Roar ushers in home Games
But death dampens Olympics celebration
By TERRY JONES, QMI Agency
Canadian Olympic speed skater and cyclist Clara Hughes leads the Canadian team during the athlete’s parade at the opening ceremonies for the XXI Olympic Winter Games in Vancouver, Friday, Feb. 12. (THE CANADIAN PRESS/Ryan Remiorz)
VANCOUVER — People were in tears in the morning. And in tears at night.
Different tears. Tears to last for years.
Three-and-a-half billion viewers around the world, including 33 million across Canada and 55,000 in B.C. Place, weren’t sure if that was possible Friday morning, if there could be tears of delight at night.
The stunning death of Georgian luger Nodar Kumaritshvili in training at Whistler, was expected to cast a pall over the opening ceremony of the XXI Olympic Winter Games. And to some extent, it did.
But it also became an emotional component of the evening without it taking away from the joy of the event.
A minute before the show began, in white letters on a black background on the scoreboard were the
words: “Tonight’s Ceremony is dedicated to the memory of Georgian Olympic athlete Nodar Kumartshvili.”
When Georgia was introduced in the athletes parade, the crowd stood as one and applauded flag-bearer Iason Abramashvili and the six other athletes as they made their way around the stadium and to their seats.
Later in the ceremony, IOC president Jacques Rogge spoke first to acknowledge the Georgian luger. Just before the torch entered the stadium, a moment of silence was held for him and both the Canadian and Olympic flags were lowered to half mast.
The first ever Olympic ceremonies held indoors, were everything they should have been for Canada.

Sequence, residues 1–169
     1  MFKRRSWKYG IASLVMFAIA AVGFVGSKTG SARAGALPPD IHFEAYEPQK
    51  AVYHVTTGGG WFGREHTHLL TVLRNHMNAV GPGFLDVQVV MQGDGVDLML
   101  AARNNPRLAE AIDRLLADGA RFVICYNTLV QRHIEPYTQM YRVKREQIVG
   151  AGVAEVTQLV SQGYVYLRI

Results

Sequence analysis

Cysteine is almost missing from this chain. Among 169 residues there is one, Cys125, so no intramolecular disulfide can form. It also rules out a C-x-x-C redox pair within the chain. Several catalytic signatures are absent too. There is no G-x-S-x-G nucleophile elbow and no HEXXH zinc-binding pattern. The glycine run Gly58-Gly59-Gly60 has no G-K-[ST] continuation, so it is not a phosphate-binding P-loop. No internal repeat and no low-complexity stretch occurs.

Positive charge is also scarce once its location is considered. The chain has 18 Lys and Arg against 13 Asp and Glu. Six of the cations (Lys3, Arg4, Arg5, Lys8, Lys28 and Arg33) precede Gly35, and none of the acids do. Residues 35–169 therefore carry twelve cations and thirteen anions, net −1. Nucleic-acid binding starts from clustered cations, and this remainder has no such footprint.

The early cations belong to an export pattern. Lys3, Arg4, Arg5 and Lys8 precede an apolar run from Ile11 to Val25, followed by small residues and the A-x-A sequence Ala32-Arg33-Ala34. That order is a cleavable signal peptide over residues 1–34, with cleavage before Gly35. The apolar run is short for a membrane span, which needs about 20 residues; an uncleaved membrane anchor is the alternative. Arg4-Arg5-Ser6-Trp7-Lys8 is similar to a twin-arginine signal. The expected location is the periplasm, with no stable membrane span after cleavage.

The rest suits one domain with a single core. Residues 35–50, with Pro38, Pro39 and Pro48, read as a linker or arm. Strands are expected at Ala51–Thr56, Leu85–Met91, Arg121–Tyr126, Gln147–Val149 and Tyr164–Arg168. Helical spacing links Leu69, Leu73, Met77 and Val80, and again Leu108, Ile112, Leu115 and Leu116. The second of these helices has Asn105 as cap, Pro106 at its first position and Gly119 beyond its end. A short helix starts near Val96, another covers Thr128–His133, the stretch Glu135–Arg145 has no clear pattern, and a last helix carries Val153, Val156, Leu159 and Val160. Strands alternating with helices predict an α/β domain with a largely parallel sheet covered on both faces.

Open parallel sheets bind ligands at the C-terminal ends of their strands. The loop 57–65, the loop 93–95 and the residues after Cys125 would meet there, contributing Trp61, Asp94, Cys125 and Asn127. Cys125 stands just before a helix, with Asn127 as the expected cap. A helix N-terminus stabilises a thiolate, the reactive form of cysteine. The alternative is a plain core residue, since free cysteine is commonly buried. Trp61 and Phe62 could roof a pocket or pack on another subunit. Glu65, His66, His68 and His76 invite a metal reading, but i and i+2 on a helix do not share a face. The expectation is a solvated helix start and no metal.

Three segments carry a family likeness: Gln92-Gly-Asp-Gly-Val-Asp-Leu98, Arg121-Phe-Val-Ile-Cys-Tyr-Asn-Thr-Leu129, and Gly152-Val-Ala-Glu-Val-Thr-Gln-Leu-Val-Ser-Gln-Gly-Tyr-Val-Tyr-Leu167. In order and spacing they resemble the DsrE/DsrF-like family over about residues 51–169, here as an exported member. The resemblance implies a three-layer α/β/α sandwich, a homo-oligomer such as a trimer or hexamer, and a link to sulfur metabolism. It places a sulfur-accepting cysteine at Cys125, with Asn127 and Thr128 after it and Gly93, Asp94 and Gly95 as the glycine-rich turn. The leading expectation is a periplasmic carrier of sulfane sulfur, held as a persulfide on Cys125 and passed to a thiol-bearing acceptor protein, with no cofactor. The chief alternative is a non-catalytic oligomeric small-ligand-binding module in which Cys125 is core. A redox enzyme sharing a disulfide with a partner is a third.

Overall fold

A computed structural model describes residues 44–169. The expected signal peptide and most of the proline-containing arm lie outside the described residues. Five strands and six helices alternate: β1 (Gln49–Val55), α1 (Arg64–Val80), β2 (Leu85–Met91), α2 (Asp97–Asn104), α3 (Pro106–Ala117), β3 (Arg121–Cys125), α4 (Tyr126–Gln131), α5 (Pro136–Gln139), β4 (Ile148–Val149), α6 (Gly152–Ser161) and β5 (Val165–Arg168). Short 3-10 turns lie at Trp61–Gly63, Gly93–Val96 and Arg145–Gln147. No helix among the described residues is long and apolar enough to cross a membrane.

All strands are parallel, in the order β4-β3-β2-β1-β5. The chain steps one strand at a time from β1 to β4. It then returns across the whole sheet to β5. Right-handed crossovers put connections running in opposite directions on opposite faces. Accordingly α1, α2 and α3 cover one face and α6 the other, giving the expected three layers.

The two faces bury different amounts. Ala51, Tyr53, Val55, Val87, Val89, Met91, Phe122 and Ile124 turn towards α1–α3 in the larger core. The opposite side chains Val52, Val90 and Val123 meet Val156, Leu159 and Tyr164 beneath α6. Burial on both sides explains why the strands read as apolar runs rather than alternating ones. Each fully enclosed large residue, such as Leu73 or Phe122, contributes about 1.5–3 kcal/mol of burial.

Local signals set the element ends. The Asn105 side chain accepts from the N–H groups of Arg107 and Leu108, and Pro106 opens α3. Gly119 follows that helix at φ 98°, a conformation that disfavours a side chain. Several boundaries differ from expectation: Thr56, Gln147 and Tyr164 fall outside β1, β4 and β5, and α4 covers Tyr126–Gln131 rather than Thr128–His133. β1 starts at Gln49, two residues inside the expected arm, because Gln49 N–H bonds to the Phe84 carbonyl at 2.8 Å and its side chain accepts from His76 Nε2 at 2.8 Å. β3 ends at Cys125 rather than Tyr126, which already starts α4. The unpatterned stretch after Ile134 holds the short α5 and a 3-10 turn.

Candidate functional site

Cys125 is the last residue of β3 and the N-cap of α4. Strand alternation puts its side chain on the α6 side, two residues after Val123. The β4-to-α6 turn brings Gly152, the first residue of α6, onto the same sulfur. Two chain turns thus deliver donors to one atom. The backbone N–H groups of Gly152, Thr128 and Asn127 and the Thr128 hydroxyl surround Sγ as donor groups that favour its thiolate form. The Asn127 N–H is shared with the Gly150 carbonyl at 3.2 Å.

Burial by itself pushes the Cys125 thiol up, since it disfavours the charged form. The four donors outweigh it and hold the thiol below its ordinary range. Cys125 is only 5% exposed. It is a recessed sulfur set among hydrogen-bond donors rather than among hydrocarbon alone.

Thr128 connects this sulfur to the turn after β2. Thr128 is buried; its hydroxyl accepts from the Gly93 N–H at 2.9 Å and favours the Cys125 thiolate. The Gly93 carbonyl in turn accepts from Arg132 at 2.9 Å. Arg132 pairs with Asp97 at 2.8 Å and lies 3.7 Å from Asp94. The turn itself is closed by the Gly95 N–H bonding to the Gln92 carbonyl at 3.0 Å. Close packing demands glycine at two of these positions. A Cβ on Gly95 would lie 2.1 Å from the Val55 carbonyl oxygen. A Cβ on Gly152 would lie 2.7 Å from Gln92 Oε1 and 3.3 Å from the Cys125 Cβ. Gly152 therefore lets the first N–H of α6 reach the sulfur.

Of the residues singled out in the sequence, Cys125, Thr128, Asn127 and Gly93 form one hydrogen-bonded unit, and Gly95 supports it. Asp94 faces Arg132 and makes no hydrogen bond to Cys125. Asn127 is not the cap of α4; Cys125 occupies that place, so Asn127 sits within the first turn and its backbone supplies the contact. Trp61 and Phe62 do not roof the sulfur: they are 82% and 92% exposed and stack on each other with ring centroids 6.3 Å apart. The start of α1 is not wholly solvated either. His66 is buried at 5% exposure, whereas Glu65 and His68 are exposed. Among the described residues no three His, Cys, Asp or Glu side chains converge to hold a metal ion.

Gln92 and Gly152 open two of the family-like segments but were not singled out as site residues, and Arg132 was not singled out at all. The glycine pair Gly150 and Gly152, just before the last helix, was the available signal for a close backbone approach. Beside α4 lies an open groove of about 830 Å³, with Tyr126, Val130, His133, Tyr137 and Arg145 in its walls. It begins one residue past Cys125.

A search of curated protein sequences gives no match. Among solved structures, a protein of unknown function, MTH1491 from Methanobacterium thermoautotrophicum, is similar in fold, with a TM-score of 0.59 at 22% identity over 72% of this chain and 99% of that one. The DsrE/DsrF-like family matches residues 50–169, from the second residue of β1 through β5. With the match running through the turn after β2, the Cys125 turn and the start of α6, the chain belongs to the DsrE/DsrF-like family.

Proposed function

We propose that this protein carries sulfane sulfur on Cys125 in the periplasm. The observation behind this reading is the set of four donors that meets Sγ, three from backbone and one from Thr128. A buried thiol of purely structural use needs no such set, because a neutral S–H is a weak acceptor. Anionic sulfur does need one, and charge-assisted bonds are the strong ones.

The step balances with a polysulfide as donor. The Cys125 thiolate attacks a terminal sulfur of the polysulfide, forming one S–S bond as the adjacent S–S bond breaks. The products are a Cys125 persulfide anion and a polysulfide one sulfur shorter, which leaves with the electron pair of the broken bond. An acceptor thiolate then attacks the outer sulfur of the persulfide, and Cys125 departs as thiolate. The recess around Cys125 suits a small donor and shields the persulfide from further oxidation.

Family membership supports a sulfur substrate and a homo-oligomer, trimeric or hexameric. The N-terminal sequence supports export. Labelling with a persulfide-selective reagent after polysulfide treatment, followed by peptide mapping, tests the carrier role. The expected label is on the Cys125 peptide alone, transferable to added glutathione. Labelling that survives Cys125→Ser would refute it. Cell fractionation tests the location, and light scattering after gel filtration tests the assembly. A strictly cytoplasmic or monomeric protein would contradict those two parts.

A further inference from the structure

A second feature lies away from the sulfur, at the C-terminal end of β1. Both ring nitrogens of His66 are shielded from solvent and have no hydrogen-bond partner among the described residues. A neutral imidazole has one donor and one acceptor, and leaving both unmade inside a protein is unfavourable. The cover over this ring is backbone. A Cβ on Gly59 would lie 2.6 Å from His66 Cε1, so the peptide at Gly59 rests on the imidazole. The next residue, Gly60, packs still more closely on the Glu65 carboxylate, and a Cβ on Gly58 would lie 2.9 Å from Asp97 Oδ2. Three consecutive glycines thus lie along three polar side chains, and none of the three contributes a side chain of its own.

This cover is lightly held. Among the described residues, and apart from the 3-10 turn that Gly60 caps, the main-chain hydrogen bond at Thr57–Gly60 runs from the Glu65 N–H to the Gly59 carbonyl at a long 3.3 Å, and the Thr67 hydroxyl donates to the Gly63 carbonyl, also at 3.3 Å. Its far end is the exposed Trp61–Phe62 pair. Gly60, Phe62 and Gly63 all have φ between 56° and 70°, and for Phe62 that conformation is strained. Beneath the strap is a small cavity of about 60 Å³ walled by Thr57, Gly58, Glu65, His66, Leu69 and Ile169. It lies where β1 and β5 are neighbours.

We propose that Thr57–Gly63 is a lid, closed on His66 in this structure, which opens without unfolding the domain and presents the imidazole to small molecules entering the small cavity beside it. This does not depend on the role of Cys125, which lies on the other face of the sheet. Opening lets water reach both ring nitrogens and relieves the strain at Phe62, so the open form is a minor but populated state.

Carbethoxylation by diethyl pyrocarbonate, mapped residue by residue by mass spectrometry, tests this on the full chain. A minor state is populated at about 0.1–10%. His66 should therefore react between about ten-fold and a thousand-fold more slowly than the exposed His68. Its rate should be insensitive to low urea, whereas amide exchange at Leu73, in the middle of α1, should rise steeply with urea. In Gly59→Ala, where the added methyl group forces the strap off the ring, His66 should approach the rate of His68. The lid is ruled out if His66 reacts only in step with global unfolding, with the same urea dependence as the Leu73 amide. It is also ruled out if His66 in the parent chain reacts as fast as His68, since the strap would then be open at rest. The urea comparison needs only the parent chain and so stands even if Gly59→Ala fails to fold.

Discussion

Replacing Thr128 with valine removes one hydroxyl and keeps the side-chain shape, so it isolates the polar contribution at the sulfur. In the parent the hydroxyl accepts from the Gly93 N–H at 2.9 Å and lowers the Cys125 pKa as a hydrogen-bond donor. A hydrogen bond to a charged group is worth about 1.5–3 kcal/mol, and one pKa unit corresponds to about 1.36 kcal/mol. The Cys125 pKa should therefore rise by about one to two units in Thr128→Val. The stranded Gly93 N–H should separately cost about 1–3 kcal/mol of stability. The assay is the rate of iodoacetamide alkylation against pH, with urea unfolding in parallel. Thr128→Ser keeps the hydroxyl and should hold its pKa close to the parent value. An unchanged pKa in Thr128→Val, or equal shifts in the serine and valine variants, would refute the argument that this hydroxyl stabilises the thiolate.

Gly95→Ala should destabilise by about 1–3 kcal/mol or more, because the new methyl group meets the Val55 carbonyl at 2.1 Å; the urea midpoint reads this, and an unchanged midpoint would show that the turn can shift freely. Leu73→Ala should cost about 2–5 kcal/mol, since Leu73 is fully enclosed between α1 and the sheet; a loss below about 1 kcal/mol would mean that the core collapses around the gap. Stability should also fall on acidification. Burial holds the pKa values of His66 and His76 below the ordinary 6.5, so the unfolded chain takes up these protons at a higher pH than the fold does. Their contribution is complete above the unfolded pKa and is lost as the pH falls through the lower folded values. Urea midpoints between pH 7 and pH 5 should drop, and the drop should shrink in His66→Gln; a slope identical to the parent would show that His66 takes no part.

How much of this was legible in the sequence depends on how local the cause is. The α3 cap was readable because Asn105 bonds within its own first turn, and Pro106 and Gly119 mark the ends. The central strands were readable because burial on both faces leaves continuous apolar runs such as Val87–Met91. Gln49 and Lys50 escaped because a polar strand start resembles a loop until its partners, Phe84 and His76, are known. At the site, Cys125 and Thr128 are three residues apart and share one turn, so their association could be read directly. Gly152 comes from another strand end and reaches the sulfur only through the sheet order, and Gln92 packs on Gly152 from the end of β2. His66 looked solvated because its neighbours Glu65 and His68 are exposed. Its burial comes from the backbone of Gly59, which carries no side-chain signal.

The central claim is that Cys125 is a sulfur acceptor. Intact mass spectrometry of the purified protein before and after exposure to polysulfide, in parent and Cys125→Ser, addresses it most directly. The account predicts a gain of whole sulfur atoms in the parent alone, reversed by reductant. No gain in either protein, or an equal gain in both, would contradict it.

Unbelievably, they managed to more than match the unmatchable Salt Lake 2002 show.
They were wonderful at the beginning and they were wonderful at the end, although with what will become a famous flaw, when the longest torch relay in one country in history came to its conclusion.
Rick Hanson brought the torch into the stadium, where he passed the flame to Catriona Le May Doan, Steve Nash, Nancy Greene and, finally, Wayne Gretzky.
The highlight moment of the night wasn’t flawless, as the hydraulics didn’t work to bring one of the ice totems out of the floor. Le May Doan didn’t get the chance to light the cauldren together with Greene, Nash and Gretzky as a result.
Prior to that, Betty Fox, mother of Terry, Donald Sutherland, Barbara Ann Scott, Jacques Villeneuve, Ann Murray, Romeo Dallaire, Bobby Orr and Julie Payette carried the Olympic flag into the stadium and Wickenheiser gave the athletes oath.
Just as memorable was the moment when, just after Uzbekistan had just been introduced, there was a slight delay and a change of music.
Then the roar.
Led by flag bearer and five-time Olympian Clara Hughes, as is the tradition for the host nation, Canada was the 82nd and final country to appear in the faux winter wonderland scene.
On the front row were the two other five-time Olympians, Pierre Lueders and Haley Wickenheiser along with Chandra Crawford, Jeremy Wotherspoon, Francois-Louis Tremblay and chef de mission Nathalie Lambert and her assistants Joey Juneau and Steve Podborski.
The show began with a snowboarder sliding down a slope created in the upper deck and through the Olympic rings.
Four ice totems first emerged with hydraulic assistance from the floor to represent the four host First Nations with a colorful show to precede the parade of athletes.
Bryan Adams, Nelly Furtado and k.d. lang sang live and Joni Mitchell’s voice was the background of a memorable sky show within the dome.
It was beginning to end brilliant.
Let the home Games begin.